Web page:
The tool you pick must have some key features:

  • It must be available online anytime
  • It must present live data
  • It must be interactive so timeframes and data ranges or even charts can be played with if the reader of the report decides to do so
  • It must have an easy-to-do approach on creating charts, flows, processes to deliver good insights
  • It must be connected to a tracking or metric system so data can flow in easily
  • Nice bonus but it should be great to save some time for the reporter so the report can be created once and the structure can be reproduced with a few clicks

Google Analytics is the widely used free metric platform for SMEs. We strongly recommend using Google Data Studios as well as it delivers the same features highlighted above. It is easy to use; the report-buildup is quick, it refreshes data real-time, it is interactive, it is online and shareable, and you only need to create the report’s structure once and can multiply it anytime for other digital properties. There are other 3rd party services that use Google Analytics as a source, but usually, they are not as customizable or not free like Google Data Studio.

Build Up Your Report

Now you have the tool to present; you need to build up your report from scratch. Ideally, all data you have is flowing in the report and creating charts is just a few clicks. The technical details on how to build up your report are different on every tool you choose, but fundamentally it is the same: you select a data source, then pick metrics, then setup dimensions, and you are good to go with a descriptive chart design. You then multiply the charts and organise the report. The question is what should be the best order. There is a straight line you should follow with that.

Every business is different, but everyone has a digital platform with some goals and objectives. The first part of your report – let’s say the first page – should focus on the big picture. How’s your site performing regarding big numbers? How crowded is your site? Who’s coming in and out? What’s the mobile percentage? What’s the bounce rate? What are the pages / sessions? These are important questions and metrics that can describe the big picture which is the overall site performance.

Your most important KPIs should follow the structure as next. Is your site focused on e-commerce? Put the goal conversions on the first page as it’s the single most important metric you need to take an eye on. Are you a media company? Put the share event tracking on the first page to see how viral is your content. Are you a consulting company? Put new visitors up to the first page to see how many new prospects you have. Determine your goals and objectives which define your most important KPIs and put those figures at the start of the report to get the quick look on your success.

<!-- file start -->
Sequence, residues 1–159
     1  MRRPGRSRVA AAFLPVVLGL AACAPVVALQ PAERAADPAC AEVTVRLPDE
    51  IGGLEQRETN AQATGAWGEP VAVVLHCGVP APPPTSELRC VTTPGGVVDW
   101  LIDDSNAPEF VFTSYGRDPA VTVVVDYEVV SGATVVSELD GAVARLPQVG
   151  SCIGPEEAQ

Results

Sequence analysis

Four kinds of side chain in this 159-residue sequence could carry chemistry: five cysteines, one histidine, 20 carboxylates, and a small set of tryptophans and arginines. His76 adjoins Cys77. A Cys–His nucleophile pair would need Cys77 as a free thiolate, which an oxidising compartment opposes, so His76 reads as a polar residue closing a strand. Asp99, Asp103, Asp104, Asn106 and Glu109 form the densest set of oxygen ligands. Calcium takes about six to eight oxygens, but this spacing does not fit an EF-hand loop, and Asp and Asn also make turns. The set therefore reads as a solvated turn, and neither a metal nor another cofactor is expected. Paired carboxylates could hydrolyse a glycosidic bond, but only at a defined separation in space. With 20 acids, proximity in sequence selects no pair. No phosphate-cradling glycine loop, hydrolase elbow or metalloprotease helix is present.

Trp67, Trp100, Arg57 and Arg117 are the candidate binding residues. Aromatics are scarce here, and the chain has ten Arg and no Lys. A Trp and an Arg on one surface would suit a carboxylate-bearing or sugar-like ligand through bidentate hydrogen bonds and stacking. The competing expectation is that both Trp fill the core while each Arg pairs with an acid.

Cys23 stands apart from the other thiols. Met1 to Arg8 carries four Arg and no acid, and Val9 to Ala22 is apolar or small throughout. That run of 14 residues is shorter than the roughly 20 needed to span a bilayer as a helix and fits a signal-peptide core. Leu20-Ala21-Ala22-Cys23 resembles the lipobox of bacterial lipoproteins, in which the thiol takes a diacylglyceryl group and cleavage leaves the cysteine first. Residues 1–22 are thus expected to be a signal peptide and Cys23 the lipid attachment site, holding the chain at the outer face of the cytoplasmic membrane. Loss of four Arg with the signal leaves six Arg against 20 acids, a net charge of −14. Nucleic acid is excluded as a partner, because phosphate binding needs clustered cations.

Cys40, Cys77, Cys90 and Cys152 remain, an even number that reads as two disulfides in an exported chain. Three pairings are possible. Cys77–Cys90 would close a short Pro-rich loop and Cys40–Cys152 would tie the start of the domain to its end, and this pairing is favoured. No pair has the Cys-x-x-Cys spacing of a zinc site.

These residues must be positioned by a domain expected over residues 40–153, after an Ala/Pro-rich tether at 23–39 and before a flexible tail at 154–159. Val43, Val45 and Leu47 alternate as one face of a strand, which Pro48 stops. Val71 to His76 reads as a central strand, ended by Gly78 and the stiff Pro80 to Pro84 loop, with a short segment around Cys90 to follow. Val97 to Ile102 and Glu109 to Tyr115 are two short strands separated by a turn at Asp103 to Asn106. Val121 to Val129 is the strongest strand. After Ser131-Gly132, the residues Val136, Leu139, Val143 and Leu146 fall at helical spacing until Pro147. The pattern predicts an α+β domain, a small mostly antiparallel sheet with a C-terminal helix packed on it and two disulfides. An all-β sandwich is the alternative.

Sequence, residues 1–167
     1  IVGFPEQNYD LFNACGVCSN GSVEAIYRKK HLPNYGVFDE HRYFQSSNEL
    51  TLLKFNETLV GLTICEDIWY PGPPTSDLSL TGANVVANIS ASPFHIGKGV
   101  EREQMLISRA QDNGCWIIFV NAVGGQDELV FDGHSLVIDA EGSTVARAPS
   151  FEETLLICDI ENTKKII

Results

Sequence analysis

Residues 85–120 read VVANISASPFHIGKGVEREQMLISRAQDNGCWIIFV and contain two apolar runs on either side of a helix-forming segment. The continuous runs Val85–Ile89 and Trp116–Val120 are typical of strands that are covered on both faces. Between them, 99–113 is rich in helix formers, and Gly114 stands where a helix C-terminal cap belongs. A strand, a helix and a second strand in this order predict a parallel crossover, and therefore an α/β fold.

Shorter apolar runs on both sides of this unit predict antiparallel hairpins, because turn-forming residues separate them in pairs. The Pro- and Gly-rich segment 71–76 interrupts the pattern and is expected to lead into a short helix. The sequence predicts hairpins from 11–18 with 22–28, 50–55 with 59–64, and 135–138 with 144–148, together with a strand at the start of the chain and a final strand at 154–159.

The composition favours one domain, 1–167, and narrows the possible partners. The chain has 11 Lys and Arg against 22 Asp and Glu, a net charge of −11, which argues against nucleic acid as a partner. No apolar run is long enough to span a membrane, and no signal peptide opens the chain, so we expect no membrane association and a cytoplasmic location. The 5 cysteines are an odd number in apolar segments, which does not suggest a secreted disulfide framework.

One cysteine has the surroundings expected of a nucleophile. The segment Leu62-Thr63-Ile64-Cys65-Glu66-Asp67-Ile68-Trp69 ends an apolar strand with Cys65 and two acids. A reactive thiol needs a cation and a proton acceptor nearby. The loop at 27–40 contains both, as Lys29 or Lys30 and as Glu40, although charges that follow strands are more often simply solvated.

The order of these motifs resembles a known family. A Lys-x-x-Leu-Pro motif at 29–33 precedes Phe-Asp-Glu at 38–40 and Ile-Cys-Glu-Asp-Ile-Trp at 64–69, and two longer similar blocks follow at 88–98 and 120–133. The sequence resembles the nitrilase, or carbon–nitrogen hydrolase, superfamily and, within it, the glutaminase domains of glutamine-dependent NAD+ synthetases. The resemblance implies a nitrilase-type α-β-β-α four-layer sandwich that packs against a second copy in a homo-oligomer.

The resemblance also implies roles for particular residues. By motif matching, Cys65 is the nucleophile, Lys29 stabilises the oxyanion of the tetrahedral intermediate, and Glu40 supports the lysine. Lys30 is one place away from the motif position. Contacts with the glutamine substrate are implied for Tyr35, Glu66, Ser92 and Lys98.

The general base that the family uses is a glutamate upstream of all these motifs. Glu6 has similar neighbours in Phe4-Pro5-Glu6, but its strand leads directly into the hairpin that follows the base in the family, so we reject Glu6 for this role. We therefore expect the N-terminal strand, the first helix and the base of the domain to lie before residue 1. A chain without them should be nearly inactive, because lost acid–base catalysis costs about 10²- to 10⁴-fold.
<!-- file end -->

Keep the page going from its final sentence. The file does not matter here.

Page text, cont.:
Now everything else can follow as the rest is totally deep-dive and sometimes unrelated. Build up the rest of the report, so it helps you to describe the causes behind the big picture metrics. If you are a media company, focus on content on the second page. It may contain the most important topics on your site. If you are in the e-commerce industry, you should focus on the performance of your funnels here, that can describe the goal conversions you showed on the first page. It is totally up to the business and their KPIs what are the main and miscellaneous figures.

The end of the report should be a collection of interesting facts you have observed, trends that can lead to the future or just deep-dived insights. You can showcase figures on the visitors here or some referring traffic insights. Maybe you have an ad campaign connected to your data source, you should put that here too.

Clarity For Better Understanding

There are tweaks where you can support the better understanding of your reports.

  • Add descriptive titles to your charts. Avoid definitions as titles. Instead of naming the chart just “bounce rate” use “The amount of users leaving the site in the first X seconds”
  • If needed, further explain what we can see on the chart
  • Group your charts into topics: “How deep visitors go to your site” can contain different figures from pages/sessions, frequency figures, engagement metrics and much more
  • Add the learnings if needed directly in the reports, even if it looks simple just by looking at the data itself. Understand that it may look simple for the data expert, but not for the decision maker
  • Design the whole report and use branding – this makes the report closer to the reader

Presenting your data shouldn’t be hard if you are using the right tools to build a report that enables strategic decision-making with your data and insights. At the end of the day, the decision maker will have the last say based on the report.